Like much of Catherynne M. Valente’s work, In the Night Garden, the first book in a duology called The Orphan’s Tales, is very much its own thing: you won’t have read anything quite like it. Its frame story concerns a girl who’s shunned for her strange birthmark:
her eyelids and the flesh around her eyes were stained a deep indigo-black, like ink pooled in china pots.
Look closer, though, and there are words in the ink, words telling tales of strange places and people. Once upon a time, the girl, who lives ignored in the fabulous garden of a great palace, meets a boy, the son of the sultan who lives within it; and she begins telling the tales on her eyes to him. The novel is made up of that telling, which is not linear, not a succession of stories one after the other; instead, the tales are intricately linked, nested, characters in one tale telling another and so on. The effect is that of a tapestry: the sheer weight of tales sketches a world for us, and some stories we see from multiple viewpoints, so that one character’s victory might be another’s tragedy.
The novel’s divided into two “books”, two self-enclosed sets of stories: the Book of the Steppe, in which a prince kills a goose and gains a relative; and the Book of the Sea, in which a young woman goes looking for a saint.
The two Orphan’s Tales novels are very much early Valente; in fact the only work I’ve read of hers that came out before them is The Grass-Cutting Sword, and even that was published in the same year as In the Night Garden (2006). It shows in the prose style: while the novel still exhibits Valente’s eye for a colourful metaphor (from a random page: “She was an imperious woman, and my father obeyed her every whisper as eagerly as a colt its master”), there’s less of a sense that every word is carefully chosen for its jewel-like complexity; less of a distinctive voice than I’m used to with her later works.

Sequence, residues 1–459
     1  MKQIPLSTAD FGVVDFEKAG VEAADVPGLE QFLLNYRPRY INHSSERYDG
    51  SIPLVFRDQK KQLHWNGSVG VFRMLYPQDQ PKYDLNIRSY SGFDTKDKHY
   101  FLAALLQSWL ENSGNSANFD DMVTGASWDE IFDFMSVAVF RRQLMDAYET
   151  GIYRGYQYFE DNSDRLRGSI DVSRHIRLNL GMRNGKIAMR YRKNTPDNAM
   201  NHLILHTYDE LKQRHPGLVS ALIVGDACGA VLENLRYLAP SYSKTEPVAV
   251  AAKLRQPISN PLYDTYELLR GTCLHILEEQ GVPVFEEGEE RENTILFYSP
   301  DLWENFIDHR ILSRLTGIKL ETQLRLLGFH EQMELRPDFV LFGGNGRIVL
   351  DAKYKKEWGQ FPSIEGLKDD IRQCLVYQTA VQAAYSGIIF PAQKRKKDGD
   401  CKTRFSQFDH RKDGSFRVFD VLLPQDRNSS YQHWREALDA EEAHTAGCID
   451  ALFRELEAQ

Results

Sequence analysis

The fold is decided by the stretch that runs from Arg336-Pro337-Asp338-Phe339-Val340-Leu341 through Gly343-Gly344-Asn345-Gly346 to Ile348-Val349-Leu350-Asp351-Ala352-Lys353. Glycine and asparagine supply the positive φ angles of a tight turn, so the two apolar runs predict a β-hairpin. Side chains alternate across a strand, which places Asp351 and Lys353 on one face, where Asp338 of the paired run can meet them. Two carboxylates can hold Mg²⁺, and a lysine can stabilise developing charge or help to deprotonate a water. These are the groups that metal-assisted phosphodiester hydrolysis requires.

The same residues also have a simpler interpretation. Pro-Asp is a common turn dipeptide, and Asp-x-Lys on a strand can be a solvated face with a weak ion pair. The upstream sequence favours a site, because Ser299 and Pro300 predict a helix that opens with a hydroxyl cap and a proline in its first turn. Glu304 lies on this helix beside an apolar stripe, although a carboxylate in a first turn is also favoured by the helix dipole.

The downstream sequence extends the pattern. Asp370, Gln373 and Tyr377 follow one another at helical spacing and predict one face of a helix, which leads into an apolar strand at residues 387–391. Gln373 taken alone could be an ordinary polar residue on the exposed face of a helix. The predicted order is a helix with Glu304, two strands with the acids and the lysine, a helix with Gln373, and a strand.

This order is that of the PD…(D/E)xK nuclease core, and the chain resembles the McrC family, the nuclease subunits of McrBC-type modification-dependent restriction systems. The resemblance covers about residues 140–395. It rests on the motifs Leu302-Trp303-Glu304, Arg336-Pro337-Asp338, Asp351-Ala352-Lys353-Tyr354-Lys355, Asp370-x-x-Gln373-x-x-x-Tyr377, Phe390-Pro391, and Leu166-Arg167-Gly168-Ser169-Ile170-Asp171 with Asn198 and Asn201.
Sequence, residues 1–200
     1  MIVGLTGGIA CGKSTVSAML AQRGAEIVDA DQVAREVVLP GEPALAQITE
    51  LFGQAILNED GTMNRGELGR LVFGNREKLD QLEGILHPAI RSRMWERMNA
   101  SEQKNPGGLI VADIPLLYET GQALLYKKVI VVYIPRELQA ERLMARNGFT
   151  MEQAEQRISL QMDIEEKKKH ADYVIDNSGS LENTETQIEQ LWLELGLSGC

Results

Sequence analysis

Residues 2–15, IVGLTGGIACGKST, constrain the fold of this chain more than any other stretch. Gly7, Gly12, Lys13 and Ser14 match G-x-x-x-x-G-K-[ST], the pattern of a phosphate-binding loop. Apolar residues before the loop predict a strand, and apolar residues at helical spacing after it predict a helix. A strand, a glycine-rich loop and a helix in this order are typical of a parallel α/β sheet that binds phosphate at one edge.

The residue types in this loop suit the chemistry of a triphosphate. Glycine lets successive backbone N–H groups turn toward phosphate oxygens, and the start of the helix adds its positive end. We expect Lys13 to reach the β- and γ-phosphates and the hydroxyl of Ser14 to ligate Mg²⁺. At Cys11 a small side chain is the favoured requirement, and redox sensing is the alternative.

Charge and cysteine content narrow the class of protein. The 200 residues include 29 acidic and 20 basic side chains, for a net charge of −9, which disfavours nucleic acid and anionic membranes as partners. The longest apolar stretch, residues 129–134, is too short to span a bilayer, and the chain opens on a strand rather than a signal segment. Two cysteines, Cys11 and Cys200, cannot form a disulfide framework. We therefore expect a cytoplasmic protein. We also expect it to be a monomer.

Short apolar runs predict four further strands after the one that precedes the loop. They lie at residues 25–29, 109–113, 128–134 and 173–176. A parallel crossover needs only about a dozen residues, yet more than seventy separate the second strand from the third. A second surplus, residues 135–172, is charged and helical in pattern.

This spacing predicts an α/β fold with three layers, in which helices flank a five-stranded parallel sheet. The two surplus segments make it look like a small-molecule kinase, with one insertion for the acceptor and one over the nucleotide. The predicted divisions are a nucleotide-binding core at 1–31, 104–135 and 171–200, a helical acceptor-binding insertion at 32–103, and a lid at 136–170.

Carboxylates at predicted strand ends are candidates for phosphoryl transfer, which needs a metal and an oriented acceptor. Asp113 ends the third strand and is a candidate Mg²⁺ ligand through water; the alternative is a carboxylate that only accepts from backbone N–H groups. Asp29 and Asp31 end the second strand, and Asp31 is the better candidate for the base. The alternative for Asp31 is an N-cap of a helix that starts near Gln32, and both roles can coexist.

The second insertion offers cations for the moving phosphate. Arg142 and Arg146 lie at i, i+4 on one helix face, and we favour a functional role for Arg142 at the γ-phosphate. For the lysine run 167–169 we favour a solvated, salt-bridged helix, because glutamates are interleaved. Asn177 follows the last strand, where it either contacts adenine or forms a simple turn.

So what else is going on in this textual tapestry? A couple of themes leap out: monstrosity and the vilification thereof; womanhood and the infantilisation thereof. And, of course, the sheer unreliability of story, the way one tale is only one point of view. The weaving together of these separate tales allows us to glimpse the holes between them, where the truth lives, or perhaps just an unrepresented point of view. This structural revelation of narrative lacunae is reflected in the novel’s thematic exploration of people who are often sidelined by stories – monsters and women and monstrous women.
It’s an absorbing novel: I particularly enjoyed the Book of the Sea, with its sailors and its religious orders and its holy war. I do feel a little uneasy about the Middle Eastern vibe some of the settings have – particularly the Garden and the two warring cities in the second half of the book, Shadukiam and Al a-Nur – which feels potentially exoticising; it’s there not to represent a culture honestly but to conjure up a sense of the magical and the foreign. And the enchanting prose that generally draws me to Valente’s works is largely absent. But it’s still a good choice if you’re after fairytale-tinted fantasy set in a world that feels wide and wild.